1. 1. Journal of Plant Breeding and Crop Science Vol. 1(4). pp. 072-079, June, 2009 Available online http://www.academicjournals.org/jpbcs © 2009 Academic Journals Full Length Research Paper Combining ability for maize grain yield in striga endemic and non-endemic environments of the southern guinea savanna of Nigeria G. Olaoye and O. B. Bello* Department of Agronomy, University of Ilorin, Ilorin, Nigeria. Accepted 3 June, 2009 Combining ability studies for maize grain yield and other agronomic characters were carried out using ten open-pollinated maize varieties and their 45 F1 hybrids in a Striga hermonthica (Del.) Benth endemic zone (Shonga) and non-endemic zone (Ilorin) in Kwara State, Nigeria, during the 2005 cropping season. Both general combining ability (GCA) and specific combining ability (SCA) effects for Striga related characters such as Striga shoot counts, syndrome ratings, flowering Striga shoots and barren maize plants were generally low, suggesting the role of additive and dominant gene action in tolerance to S. hermonthica (Del.) Benth. Parents Acr 94 Tze Comp5 and Tze Comp3 C2 had significant (p < 0.05) positive GCA effects for grain yield and other agronomic characters in both Striga endemic and non- endemic environments respectively. Crosses Tze Comp3 C2 x Hei 97 Tze Comp3 C4, Tze Comp3 C2 x Acr 94 Tze Comp5 and Ak 95 Dmr - Esrw x Acr 94 Tze Comp5 had significant (p < 0.05) positive SCA effects for grain yield only in Striga endemic environment. These parents and hybrids appeared to have gene pools for S. hermonthica tolerance that can be manipulated and used to develop promising hybrids for early maturity and high grain yield across the Southern Guinea Savanna ecology. Key words: Striga hermonthica, tolerance, combining ability, grain yield, Nigeria. INTRODUCTION Striga infestation is one of the most serious constraints to cereals production by smallholder farmers in sub-Saha- ran Africa. Infestation usually results in substantial yield losses, averaging more than 70% of Striga free environ- ment (Kim, 1991). Much of the damage occurs before Striga emerges from the ground and the degree of damage depends on susceptibility of the cultivar, Striga species, level of infestation, and any additional stress in the host’s environment (Shinde and Kulkarni, 1982; Vasudeva Rao et al., 1982; Basinki, 1995). Of the five Striga species, S. hermonthica (Del.) Benth and S. asia- tica (L.) Kuntze are the most noxious weeds threatening 44 million hectares of agricultural land in Africa (Sauer- born, 1991). S. hermonthica (Del.) Benth infestation in particular constitutes a serious threat to maize production in the savanna ecologies of Nigeria. Breeding for tole- rance/resistance to S. hermonthica (Del.). Benth offers a viable option for the management of this *Corresponding author. E-mail: obbello2002@yahoo.com. weed and is economically compatible with the low-cost input requirement of the subsistence farmers in controll- ing Striga (Ramaiah, 1986; Kim et al., 2002). Available data suggests that Striga resistance is controlled by a relatively few genes with additive effects (Shinde and Kul- kani, 1982; Vasudeva Rao et al., 1982). Kim (1994b) observed a considerable variability in the resistance of maize varieties to S. hermonthica. Findings from two independent studies, (Mumera and Below, 1996; Gurney et al., 2002) revealed that identification of Striga resis- tance maize genotypes should focus on the ability of ear sink to successfully compete with Striga for assimilates. However, maize breeding programmes designed for the development of commercial maize hybrids and improved maize genotype tolerant to Striga parasites usually requi- res a good knowledge of combining ability of the genetic materials to be used. Kim (1994a) used combining ability approach to study the genetics to maize tolerance of S. hermonthica in 10 inbred parents under S. hermonthica infestation in Mokwa, Nigeria. The results showed that such study was highly suitable for the development of Striga tolerant maize genotypes. Mumera and Below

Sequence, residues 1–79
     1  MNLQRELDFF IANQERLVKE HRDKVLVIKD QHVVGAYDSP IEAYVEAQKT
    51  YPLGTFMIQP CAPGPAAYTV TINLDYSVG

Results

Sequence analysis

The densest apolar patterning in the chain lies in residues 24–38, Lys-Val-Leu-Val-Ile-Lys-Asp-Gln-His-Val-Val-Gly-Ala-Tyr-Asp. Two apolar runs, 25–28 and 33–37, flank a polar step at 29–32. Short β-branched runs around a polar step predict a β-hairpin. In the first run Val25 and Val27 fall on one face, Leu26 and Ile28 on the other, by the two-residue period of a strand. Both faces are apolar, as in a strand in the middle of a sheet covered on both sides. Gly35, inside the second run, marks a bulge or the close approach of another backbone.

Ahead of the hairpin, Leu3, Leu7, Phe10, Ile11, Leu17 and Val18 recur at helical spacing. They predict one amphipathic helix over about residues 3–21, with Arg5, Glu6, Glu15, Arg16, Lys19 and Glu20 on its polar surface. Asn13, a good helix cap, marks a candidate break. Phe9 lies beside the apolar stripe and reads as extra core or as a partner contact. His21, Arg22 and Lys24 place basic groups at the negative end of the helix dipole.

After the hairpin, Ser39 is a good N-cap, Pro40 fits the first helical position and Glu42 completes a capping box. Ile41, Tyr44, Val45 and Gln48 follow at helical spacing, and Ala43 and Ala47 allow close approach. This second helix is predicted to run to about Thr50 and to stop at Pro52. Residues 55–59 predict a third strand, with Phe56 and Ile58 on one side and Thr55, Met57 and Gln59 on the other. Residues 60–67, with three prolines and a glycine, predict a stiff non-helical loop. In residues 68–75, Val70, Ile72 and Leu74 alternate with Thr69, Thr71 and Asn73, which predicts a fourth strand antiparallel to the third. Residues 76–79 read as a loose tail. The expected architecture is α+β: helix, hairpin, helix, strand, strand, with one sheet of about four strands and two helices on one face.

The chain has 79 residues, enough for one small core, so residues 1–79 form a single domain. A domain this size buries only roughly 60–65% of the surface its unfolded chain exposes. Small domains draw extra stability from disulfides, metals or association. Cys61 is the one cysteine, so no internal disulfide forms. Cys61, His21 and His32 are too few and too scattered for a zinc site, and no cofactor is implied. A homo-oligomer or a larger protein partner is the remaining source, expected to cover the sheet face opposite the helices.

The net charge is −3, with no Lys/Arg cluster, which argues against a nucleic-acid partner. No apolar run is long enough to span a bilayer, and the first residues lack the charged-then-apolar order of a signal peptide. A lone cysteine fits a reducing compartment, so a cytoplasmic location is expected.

2. 2. (1996) reported that counts of Striga emerged plants dif- fered by more than three folds between the most and least susceptible genotypes with early maturing types generally being the most resistant. Kim et al. (2002) reported that tolerant open pollinated varieties (OPVs) produced 2.0 - 2.5 times the yield of susceptible varieties, especially under high Striga infestation. Also, Kim and Adetimirin (1997) studied responses of tolerant and sus- ceptible maize varieties to timing and rate of nitrogen fer- tilizer under S. hermonthica infestation in southern guinea savanna ecology of Nigeria. Their results revealed that among all the tolerance factors studied, the most impor- tant component for Striga management was genetic tole- rance. Hence, development of S. hermonthica tolerant genotypes appears feasible and promising in these agro- ecological zones. Striga infestation has reached an endemic status not only in the northern guinea savanna, but also in the Sou- thern Guinea Savanna (SGS) of Nigeria. It constitutes a serious threat to maize production and farmers are being compelled to abandon their farmlands to Striga, or chan- ge to production of less susceptible crop. The objectives of this study therefore were (1) to assess both general and specific combining abilities of ten open pollinated maize varieties for maize grain yield and other agronomic characters in Striga endemic and Striga free environ- ments and, (2) to identify open pollinated varieties and hybrids that combined tolerance to S. hermonthica with grain yield and suitable agronomic traits for use in com- mercial hybrid maize production in Striga endemic zones of the Southern Guinea Savanna of Nigeria. MATERIALS AND METHODS The genetic materials used for this study comprised of 10 open pollinated maize varieties, which have been developed for yield and adaptation to biotic and abiotic stress factors. They are also early to medium maturing white cultivars with maturity period of 90 to 100 days. The varieties were obtained from the International Institute of Tropical Agriculture (IITA), Ibadan, Nigeria. Partial diallel crosses were made between the 10 open pollinated maize varieties during 2004 cropping season at the Teaching and Research farm, Uni- versity of Ilorin, Nigeria. The resultant 45 F1 hybrids were har- vested, processed and stored in the cold room prior to field eva- luation. The field study was carried out in Striga endemic (Shonga) and Striga free (Ilorin) environments both in the Southern Guinea Savannah (SGS) of Kwara State of Nigeria during the raining season of 2005. The trial was laid out in a Randomized Complete Block Design with four replicates. Entries which included the hy- brids and parents were made in two-row plots of 5 x 1.5 m each and planted at inter-row spacing of 75 cm and within row spacing of 50 cm to enhance a plant population of about 53,555 stands per hectare. Three seeds were planted on a hill but were later thinned to two at three weeks after planting (WAP). NPK 20-10-10 fertilizer was applied at the rate of 80 kgNha-1 in split doses immediately after thinning and at 6 WAP. In the Striga endemic zone, Striga related parameters such as Striga shoot counts at 10 WAP and Striga syndrome ratings using a Scale 1 - 9 as described by Kim (1994a) were collected. Others included: number of flowering Striga plants as well as barren maize plants. At Striga endemic and non- endemic fields, agronomic parameters such as maize establishment plant count, days to anthesis and silking and plant height were also Olaoye and Bello 073 measured. Plant height was measured from soil level to the base of the tassel. Days to 50% silking (number of days from planting to when 50% of the population have silked) as well as days to 50% pollen shed (number of days from planting till the time 50% have shed pollen) were recorded. Anthesis-silking interval was estimated as the difference between days to pollen shed and silking. Maize grain yield (t/ha) was also measured after adjusting for moisture at harvest. Data collected were subjected to separate diallel analyses using Griffing (1956) Method II (parents and crosses together), Model l (fixed effects). General and specific combining abilities (GCA and SCA) were computed using SAS (1999) for the 10 parents open pollinated varieties (OPVs) and their 45 F1 hybrids with respect to Striga related and maize agronomic characters. RESULTS General and specific combining ability effects for Striga parameters ANOVA for GCA effects of parents for Striga related traits in the Striga endemic environment are presented in Table 1. GCA effect for Striga shoot count was very low proba- bly due to high tolerance of the parents to S. hermonthica emergence. The highest GCA effect for this trait was 95.50 from Ak 95 Dmr-Esrw as against the least value of 0.22 in parent Tze Comp4-Dmr Srbc2. GCA effect was also low among the parents for number of flowering shoots at 12 weeks after maize was planted, with Hei 97 Tze Comp3 C4 and Acr 97 Tze Comp3 C4 having the least effects. However, Ak 95 Dmr-Esrw was significant for this trait. GCA effect for number of barren maize plants was very low in most of the parents with parents Tze Comp3 C2 and Hei 97 Tze Comp3 C4 having the least GCA effects, while Acr 90 Pool 16-Dt had significant GCA effect for this character. GCA effect for Striga syndrome rating was also generally low with parents Tze Comp3 C2 and Acr 97 Tze Comp3 C4 recording the least effects. However, significant GCA effect was observed for Striga syndrome rating in Acr 90 Pool 16-Dt. Specific combining ability (SCA) effects for Striga rela- ted parameters are presented in Table 2. SCA effects for both Striga shoot count (that is, emergence and infes- tation) and number of flowering Striga plants were gene- rally low. However, highly significant SCA effect was observed in crosses Tze Comp4 C2 x Tze Comp3 C2, Acr 97 Tze Comp3 C4 x Tze Comp3 C2, Hei 97 Tze Comp3 C4 x Acr 94 Tze Comp5, Acr 94 Tze Comp5 x Ak 95 Dmr-Esrw and Tze Comp3 C2 x Ak 95 Dmr-Esrw for Striga shoot count at 8 WAP. Similarly, SCA effect for number of flowering Striga plants at 12 weeks after Maize was planted was significant for hybrids Acr 90 Pool 16-Dt x Acr 94 Tze Comp5, Acr 90 Pool 16-Dt x Tze Comp3 C2, Tze Comp4 C2 x Tze Comp3 C2, Acr 97 Tze Comp3 C4 x Tze Comp3 C2, Hei 97 Tze Comp3 C4 x Ak 95 Dmr-Esrw and Acr 94 Tze Comp 5 x Ak 95 Dmr-Esrw. Values recorded in respect of the remaining crosses were very low and non-significant. Non-significant SCA effects were observed in the hybrids for number of barren maize plants (Table 3).